Artificial Intelligence in Travel is finally becoming a reality

What is artificial Intelligence?

Artificial   intelligence (AI) is intelligence exhibited by machines. In computer science, an ideal “intelligent” machine is a flexible rational agent that perceives its environment and takes actions that maximize its chance of success at some goal.

Hospitality and travel companies are now delivering real added value for consumers by inteaigrating artificial intelligence into online search and booking platforms. If 2016 was huge for advancements in artificial intelligence and machine learning in travel, 2017 may well deliver even more.

In this way, Artificial Intelligence allows Google search to selects millions of options every second of every day for people looking for a good hotel or meal.

“AI isn’t a story set in the distant future. It’s here today, and improving our lives in countless ways.”

Today, many travel and hospitality brands are using AI technologies in their search process, and chat platforms in their online communications, to improve customer service and engagement.

For example, recently in 2017, Travis Katz, the CEO co-founder of, an American company, came to Paris to launch his travel application,                                                tripThis application delivers personalized recommendations based on artificial intelligence to travellers. The companyai2 uses predictive algorithms to provide travellers with “highly relevant and personalized” ideas, depending on their interests and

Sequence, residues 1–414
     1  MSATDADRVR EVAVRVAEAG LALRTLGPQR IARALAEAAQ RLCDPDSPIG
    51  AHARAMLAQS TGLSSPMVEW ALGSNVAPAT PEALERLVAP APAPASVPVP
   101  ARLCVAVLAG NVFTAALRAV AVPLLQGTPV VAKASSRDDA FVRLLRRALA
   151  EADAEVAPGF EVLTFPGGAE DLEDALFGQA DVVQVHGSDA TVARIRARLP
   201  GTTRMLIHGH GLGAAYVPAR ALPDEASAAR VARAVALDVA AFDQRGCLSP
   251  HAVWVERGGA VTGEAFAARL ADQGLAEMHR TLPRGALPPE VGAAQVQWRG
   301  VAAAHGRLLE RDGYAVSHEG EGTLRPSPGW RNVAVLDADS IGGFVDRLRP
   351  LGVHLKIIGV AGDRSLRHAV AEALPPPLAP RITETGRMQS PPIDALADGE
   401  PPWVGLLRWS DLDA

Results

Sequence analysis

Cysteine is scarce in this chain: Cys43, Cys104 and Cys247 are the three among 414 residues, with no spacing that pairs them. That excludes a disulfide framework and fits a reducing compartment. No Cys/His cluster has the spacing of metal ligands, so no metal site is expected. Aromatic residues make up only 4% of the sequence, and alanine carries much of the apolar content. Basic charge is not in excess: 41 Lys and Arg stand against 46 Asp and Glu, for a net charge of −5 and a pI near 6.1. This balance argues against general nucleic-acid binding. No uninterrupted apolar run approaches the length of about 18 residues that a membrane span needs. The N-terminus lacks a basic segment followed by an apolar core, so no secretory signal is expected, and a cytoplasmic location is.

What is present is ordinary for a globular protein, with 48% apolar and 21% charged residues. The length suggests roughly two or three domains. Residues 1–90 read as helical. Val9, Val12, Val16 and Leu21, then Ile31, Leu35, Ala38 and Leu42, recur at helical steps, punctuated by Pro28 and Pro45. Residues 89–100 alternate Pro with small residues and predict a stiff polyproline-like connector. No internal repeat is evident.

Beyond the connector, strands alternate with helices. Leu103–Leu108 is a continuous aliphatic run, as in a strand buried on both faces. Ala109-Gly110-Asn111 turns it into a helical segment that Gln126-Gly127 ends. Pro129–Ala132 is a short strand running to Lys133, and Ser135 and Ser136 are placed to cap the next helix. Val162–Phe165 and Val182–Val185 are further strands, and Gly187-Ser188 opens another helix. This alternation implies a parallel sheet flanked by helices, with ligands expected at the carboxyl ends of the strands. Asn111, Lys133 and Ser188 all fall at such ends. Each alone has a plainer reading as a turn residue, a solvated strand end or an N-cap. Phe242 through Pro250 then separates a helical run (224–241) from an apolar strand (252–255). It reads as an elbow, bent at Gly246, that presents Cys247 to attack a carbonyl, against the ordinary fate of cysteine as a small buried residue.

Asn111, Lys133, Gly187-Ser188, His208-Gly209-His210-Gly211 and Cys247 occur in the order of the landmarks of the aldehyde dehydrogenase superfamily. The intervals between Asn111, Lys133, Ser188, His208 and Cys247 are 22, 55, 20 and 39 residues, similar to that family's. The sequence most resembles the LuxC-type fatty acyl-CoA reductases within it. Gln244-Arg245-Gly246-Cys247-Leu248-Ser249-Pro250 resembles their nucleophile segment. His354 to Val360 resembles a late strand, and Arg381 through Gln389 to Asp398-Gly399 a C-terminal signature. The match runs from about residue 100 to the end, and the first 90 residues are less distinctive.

context (time, location …).

ai3Likewise, Hilton Worldwide launched its Watson-powered “Connie” robot, and Leading Hotels uses Watson’s brain to match specific customer’s searches with individual hotels and thus help personalize and round off the Hilton guest experience.

Furthermore, Kayak co-founder Paul English revealed the Lola application in 2016, presenting a combination of AI increased chat functionality and a live staff ai4
of travel agents. He said: ““We’re trying to create superhuman travel consultants who are AI-powered and can handle more trips per hour than a regular travel agent can,” “They can make dramatically better recommendations than normal travel agents.”

We could conclude by saying that there is still a long way to go before Artificial Intelligence and human machine interfaces really revolutionize travel research and the user experience across a broad range of brands. But the process is well and truly launched.


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